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Akuma
03-01-2006, 07:03 AM
Just wondering what you guys use erotic scenes for. A lot of the sex scenes in books these days just seems like it wants to concentrate book sales and not character development.

How is eroticism strengthening for a novel? After all, many more forms of love are expressed strongly without sex. Curious as to when it is good to show it.

Thanks for your comments! :)

veinglory
03-01-2006, 04:18 PM
I think there are many way i could answer this question. Here are a few of them.

Eroticism is necessary to the extend that it is inevitable.

Why should sex only be there to strengthen literary goals? Why not write work with the goal of entertainment and titilation? I see nothing wrong with enjoying sex, enjoying sex writing and enjoying writing sex for its own sake.

If you have adult sexual characters in a situation where sex is likely to occur it is more bizarre not to write it than to write it. people who are not used to reading sex scenes will assume these aspects are 'tacked on' regardless. I cannot think of many mainstream books that had sex scenes where the role the scene played in the narrative was not crystal clear. I write mainly romance, the role of sex in a romantic relationship is pretty straighforward.

blisswriter
03-01-2006, 06:21 PM
If you look at the post I made the other day (Good News for Us), you'll see that audiences are actually wanting more eroticism in their books.

So whether one is just going with the trend or writing what one feels is essential, I think erotic scenes have their place and are not just wanted, but expected now days.

I agree with Veinglory in that eroticsm is the natural expression of love/lust for adults in romance novels or in romantic situations in other genres. Why not play it out to the fullest extent?

amethysthorizon
03-09-2006, 09:08 AM
Nowadays, sex is in everything. Commercials, movies, fashion, and novels. Sex sells. Is it necessary? No. But, it's what today's readers want.

BlueBadger
03-18-2006, 08:08 PM
Sorry for being a bit of a thread necromancer here, but I just have to say that I don't think there's any cliche' as empty as "sex sells." Humans have been fascinated with the sexual experience long, long before we became obsessed with commercialism. Whether you visit the heights of civilised society or the remotest tribe in the rainforest, no society treats sex lightly. So why shouldn't it appear meaningfully in our literature?

Sex is complicated -- not necessarily the act itself, but the emotions and reasons involved. That's what I like to write about, as well as the act itself. Of course, I wouldn't throw in a sex scene if I were writing a book about Thomas the Tank Engine or whoever, but I seeing as how I try to humanise my characters as much as possible, yes, there will be sex when it's appropriate. We breathe, we eat, we swear and we have sex. I don't understand why anyone should be looked down on for including the latter two in their writing (I was a part of an art / writing group that allowed artists to draw nudes because of the body's "natural beauty," but writers couldn't allow their character to swear or engage in the slighest romantic act), or why it's automatically a matter of "just trying to sell a piece." The media may have indeed cheapened the act, but there's still a lot of power in it that presents a challenge for the writer to harness.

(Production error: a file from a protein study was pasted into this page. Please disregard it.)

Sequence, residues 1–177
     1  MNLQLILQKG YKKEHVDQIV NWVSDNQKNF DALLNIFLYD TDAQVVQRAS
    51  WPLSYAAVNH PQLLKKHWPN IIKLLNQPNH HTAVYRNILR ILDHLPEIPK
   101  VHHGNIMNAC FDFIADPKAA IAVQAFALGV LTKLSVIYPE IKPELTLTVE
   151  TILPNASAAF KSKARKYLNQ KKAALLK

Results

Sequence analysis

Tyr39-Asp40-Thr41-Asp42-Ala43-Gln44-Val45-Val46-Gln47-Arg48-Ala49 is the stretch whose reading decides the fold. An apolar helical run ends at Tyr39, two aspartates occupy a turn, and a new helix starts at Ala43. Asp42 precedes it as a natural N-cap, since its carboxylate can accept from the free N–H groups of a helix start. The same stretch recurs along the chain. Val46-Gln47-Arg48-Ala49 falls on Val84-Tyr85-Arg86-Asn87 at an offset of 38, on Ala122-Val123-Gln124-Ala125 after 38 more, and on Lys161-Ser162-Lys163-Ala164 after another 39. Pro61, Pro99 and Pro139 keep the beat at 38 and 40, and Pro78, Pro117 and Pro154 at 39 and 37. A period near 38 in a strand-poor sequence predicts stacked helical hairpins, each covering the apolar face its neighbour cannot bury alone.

mjudie1
03-21-2006, 12:39 PM
i think one of my friends put it best: "i only read books with either sex or pictures. preferably pictures of sex!"

straight from the average American reader...

dlcharles
03-26-2006, 06:45 PM
I have searched the threads, but can find nothing which explains the literary difference between erotica and porn. In my day (a very long time ago) of youthful exploration for reading material to take to the outhouse with me the lingerie section of the Sears & Roebuck catalogue was considered 'erotic' by the younger set. Does the explicity of the scene determine the difference? Are those books sold in adult book stores erotica or porn? Is a plot mandatory which involves sex? I'm truly curious. I guess what I'm really asking is at what point does 'erotica' cross the line, if there even is one?

veinglory
03-26-2006, 07:48 PM
The only reason I consider the difference at all is because a number of publishers say 'we take erotica' and 'don't send us porn'. So they obviously distinguish between the too. really, I think writing about sex is writing about sex.

I gather that what is often meant is that the story must have a plot that could stand on its own without the sex, or the sex must occur in the context of a loving relationship (or both).

I don't really see 'pornography' as a derogatory term, myself.

fallenangelwriter
04-03-2006, 07:45 AM
Just wondering what you guys use erotic scenes for. A lot of the sex scenes in books these days just seems like it wants to concentrate book sales and not character development.